Re: Duplication of Out of Print Video

Gary Handman (ghandman@library.berkeley.edu)
Mon, 9 Sep 1996 08:42:22 -0700 (PDT)

Deg...I think you've over-liberalized (is there such a word???) the copyright
laws stance on copying. The law does not, in fact, SPECIFICALLY allow
copying of works owned by a library. The section (108, I think) which deals
with phonograph recordings does allow a working copy of a recording to be
made, but video and film are not explicitly covered by this section.

In talking to our friend Ivan Bender about this issue, he seems to feel that
making a copy of an at risk videotape or film (i.e. one in danger of biting
the dust) is probably permissable if it can be demonstrated that a reasonable
attempt was made to acquire the work at a fair market price (this is somewhat
similar to the copyright law's stand on OP print materials). I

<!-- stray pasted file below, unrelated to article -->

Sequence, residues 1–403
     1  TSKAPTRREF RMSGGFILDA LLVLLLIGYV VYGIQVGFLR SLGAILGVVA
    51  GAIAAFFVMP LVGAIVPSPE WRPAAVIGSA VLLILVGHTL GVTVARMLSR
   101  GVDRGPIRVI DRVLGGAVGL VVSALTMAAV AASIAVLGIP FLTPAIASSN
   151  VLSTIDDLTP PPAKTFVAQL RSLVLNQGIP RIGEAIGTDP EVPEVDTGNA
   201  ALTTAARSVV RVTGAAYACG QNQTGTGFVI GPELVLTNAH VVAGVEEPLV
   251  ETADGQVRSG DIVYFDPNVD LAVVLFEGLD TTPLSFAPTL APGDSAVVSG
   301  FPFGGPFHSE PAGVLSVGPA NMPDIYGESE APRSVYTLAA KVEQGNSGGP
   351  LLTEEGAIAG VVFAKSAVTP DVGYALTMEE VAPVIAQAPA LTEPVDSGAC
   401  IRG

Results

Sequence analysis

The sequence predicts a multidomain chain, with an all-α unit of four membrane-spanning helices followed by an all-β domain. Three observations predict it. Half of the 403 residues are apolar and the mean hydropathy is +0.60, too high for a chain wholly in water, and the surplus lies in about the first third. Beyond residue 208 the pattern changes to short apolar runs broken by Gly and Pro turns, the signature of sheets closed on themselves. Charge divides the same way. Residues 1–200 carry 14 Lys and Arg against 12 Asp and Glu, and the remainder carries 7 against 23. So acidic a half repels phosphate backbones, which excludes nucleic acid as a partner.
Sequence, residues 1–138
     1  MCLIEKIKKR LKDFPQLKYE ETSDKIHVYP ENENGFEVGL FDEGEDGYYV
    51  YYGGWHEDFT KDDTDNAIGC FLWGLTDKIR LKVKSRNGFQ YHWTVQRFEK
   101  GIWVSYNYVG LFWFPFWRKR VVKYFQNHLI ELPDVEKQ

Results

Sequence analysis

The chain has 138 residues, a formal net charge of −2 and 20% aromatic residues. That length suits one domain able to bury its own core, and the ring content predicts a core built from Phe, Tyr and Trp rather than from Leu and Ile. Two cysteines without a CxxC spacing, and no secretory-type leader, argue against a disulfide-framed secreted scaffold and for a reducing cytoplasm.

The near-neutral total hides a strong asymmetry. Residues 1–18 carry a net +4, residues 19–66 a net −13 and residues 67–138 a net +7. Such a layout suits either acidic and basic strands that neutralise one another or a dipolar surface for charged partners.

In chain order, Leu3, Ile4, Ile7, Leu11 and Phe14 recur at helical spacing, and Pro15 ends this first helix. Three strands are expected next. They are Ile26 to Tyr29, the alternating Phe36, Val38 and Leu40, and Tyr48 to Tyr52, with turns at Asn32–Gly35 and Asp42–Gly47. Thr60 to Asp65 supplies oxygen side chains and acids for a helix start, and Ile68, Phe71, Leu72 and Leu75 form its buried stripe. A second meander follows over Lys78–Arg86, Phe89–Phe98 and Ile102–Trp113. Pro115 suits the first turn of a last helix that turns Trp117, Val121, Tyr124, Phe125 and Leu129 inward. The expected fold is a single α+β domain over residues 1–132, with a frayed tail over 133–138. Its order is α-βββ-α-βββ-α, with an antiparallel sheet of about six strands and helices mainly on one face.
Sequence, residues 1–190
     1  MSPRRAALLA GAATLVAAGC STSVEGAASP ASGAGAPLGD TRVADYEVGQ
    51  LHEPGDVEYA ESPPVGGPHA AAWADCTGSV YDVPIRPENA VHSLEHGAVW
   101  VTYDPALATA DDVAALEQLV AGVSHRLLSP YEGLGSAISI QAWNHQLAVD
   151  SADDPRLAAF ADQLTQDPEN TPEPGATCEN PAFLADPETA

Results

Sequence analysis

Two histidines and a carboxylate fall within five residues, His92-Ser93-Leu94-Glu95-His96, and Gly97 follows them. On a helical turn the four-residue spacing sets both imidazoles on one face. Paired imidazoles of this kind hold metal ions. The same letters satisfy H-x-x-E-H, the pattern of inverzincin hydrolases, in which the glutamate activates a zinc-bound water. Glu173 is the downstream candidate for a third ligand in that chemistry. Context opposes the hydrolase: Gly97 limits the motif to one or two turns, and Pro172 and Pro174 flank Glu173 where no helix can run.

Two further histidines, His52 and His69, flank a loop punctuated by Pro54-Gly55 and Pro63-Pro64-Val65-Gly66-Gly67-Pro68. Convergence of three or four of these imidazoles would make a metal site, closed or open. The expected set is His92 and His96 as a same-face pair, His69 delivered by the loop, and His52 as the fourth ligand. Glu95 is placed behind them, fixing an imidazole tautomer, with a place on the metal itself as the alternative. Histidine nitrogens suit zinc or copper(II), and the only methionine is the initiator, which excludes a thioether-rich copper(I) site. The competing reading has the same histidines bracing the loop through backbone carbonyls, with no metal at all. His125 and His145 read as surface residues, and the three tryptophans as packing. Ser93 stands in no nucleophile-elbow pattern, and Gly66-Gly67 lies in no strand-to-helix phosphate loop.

personally feel a hell of a lot more comfortable doing this with
non-theatrical works than with feature films...

I also believe that copying in advance of need (i.e. making a circulating
or working copy in anticipation of heavy wear, etc.) is a VERY unwise and
legally unsound practice. Similarly, transferring formats (e.g. 3/4" to
1/2") without permission would probably also not hold up in court (unless,
perhaps, it could be demonstrated that the tape being copied was OP and
at risk of falling apart, and that attempts were made to buy a
replacement in the desired format).

Again...most of this falls into the land of unlitigated and unknown...

Gary Handman
Director
Media Resources Center
Moffitt Library
UC Berkeley, CA 94720-6000
510-643-8566
ghandman@library.berkeley.edu